“That’s all empathy is at the end of the day, is standing in someone else’s shoes,” Woods said. “You don’t have to wear them. You don’t have to like them.”

Team up reporters to practice empathetic reporting

Stories that require empathy shouldn’t always be assigned to a single person. A team approach helps reporters critically evaluate their stories and their relationships with sources.

That’s how The Boston Globe  handled its “68 Blocks” project.

“There were enough people on that project to keep you honest,” said Andrew Ryan, part of the team of reporters who worked on the project about life in Boston’s Bowdoin-Geneva neighborhood.

Reporters bounced story ideas off one another. Sometimes one of them had an interaction with a source that informed another reporter’s work. We each see the world differently, so working together helps reporters form a fuller perspective.

The benefits of a team approach extend beyond reporting in the field. NPR’s Code Switch team, which covers race through a mix of audio and digital reporting, holds wide-ranging pitch meetings, where journalists sharpen their ideas and get ideas about how to report them.

A reporter will bring up a story idea, spurring a discussion about the questions that complicate it, as NPR’s Kat Chow put it.

“It takes you down so many rabbit holes of questions you want to answer,” she said. “A lot of times, these discussions are really fun arguments.”

We each see the world differently, so working together helps reporters form a fuller perspective.

These discussions are sometimes taken to Twitter, offering an opportunity to engage with a dedicated fan base. That too can bolster the reporting, leading reporters to places they may not have anticipated. Letting a community guide a conversation — and the subsequent reporting — shows you’re truly listening.

Beware of empathy burnout

Journalists often feel like they have to guard themselves emotionally when they document conflict and horror. It’s similar to how first responders and other “helpers” feel, according to the science magazine Nautilus:

Many helpers feel that they face a double bind. They can preserve themselves by growing emotional calluses and blunting their responses to those in need. Or they can throw themselves into building connections with their patients and risk being crushed by the weight of caring.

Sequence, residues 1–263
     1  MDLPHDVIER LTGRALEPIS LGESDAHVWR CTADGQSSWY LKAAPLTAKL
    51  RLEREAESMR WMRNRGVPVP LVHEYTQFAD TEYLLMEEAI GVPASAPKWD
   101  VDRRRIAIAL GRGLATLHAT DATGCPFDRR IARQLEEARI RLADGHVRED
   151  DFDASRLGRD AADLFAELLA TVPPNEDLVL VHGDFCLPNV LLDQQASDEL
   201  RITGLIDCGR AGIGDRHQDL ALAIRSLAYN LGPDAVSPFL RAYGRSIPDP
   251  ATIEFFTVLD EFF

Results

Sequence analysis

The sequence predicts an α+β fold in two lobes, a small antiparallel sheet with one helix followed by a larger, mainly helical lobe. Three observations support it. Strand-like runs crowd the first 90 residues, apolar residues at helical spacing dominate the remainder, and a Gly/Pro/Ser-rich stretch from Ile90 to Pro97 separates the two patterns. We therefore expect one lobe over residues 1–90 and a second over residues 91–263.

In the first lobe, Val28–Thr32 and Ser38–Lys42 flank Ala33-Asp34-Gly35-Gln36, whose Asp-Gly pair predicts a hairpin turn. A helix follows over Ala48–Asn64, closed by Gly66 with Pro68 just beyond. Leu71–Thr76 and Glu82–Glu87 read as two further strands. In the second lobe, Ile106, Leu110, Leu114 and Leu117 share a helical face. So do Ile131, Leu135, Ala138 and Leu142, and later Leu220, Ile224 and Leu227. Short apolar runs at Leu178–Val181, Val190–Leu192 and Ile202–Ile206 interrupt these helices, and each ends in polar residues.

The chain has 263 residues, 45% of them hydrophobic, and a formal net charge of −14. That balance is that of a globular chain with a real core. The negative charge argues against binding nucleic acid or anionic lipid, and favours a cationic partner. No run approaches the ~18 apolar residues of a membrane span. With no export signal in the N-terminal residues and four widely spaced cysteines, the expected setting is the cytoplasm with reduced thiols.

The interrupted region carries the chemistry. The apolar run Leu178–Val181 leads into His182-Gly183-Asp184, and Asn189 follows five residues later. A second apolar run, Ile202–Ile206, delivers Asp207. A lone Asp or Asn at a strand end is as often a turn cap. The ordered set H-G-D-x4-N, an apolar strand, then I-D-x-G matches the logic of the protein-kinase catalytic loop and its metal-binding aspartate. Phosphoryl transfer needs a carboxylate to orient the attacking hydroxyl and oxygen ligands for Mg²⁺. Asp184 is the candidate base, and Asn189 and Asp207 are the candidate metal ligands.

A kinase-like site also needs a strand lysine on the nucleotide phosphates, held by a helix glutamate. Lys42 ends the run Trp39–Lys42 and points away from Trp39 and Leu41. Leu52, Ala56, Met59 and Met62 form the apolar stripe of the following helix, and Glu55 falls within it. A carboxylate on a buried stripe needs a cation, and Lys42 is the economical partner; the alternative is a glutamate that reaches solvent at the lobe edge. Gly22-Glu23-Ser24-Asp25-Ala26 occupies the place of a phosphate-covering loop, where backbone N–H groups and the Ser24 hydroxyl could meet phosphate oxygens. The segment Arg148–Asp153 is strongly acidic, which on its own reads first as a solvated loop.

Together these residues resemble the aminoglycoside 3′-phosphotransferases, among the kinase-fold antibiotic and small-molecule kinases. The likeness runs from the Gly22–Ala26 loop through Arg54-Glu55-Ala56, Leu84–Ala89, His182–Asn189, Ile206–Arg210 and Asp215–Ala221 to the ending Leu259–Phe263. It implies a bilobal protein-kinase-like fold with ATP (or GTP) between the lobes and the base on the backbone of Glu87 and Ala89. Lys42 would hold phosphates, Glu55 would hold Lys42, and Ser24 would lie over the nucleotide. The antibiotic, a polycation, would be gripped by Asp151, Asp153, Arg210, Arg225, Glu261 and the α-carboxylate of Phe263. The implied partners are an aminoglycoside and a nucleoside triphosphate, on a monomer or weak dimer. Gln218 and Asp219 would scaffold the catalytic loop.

One summer, after a particularly difficult story and a series of personal changes such as her son’s graduation, Lane DeGregory, a reporter at the Tampa Bay Times , crashed. She tried not to lean too much on her family, but she could call a photographer she had been working with.

“The only thing that helps is having a photographer to live it with you,” she said. “Someone you could text in the middle of the night and say, ‘What in the hell just happened?’”

Lisa Krantz, a photographer for the San Antonio Express-News , said she has accepted that employing empathy in her work means she risks burnout. For years, she followed an obese man on his weight-loss journey. He died a few days before the story published. Krantz said she felt immense guilt for not helping him more during their time together.

“I have spent half my career trying not to cry,” Krantz said. “We’re so emotionally and mentally involved in our stories that I don’t even know how to describe it. You’re connected in this bizarre, observer way.”

She said she is lucky to have an editor who is supportive and gives her time off after tough stories. She also tries to balance emotionally difficult stories with lighter work.

Don’t burden one reporter with reaching out to neglected communities

The simple solution to gaining access to a community is often to hire someone from that community. But it’s unfair to task a single reporter with mending a news outlet’s relationship with a particular community — and it’s inadequate.

Dexter Thomas was hired by the Los Angeles Times  as part of a strategy to better cover LA’s diverse communities, including entertainment, African-Americans and Asian-Americans. He was placed on the audience team. S. Mitra Kalita, one of the lead editors on his hire and now at CNN Digital, said she envisioned Thomas finding and working with online communities the way others work a physical community.

“I wanted it to be changing the model of community journalism,” she said of his job.

Thomas ran up against a problem that’s common for minority reporters: He was pigeonholed.

Thomas, who moved from academia to journalism with that job, walked into the newsroom with a long to-do list. But, he said, he wasn’t able to accomplish much because editors and other reporters didn’t understand or support his charge. “I was a freelancer with a bathroom pass,” he said. (He now works at VICE.)

Thomas ran up against a problem that’s common for minority reporters: He was pigeonholed into covering the African-American community, particularly police shootings.

He said the only time he felt like part of the newsroom was when he was assigned a story about a shooting — which he felt compelled to cover, even though he was frustrated by not being able to do more complex stories about race and the internet. He remembers thinking it would be embarrassing if the Times didn’t have a story on certain events, “so I better do it.”

Wilson watches out for this when assigning reporters at The Dallas Morning News.

“Sometimes there may be an advantage to sending an Asian reporter into an Asian community,” he said. “It’s an awful lot of expectation to lay on a reporter to say, ‘Go and represent our organization in this community and make them care.’”

Programs like Report for America and ProPublica’s Local Reporting Network can help newsrooms expand to certain communities, Wilson said.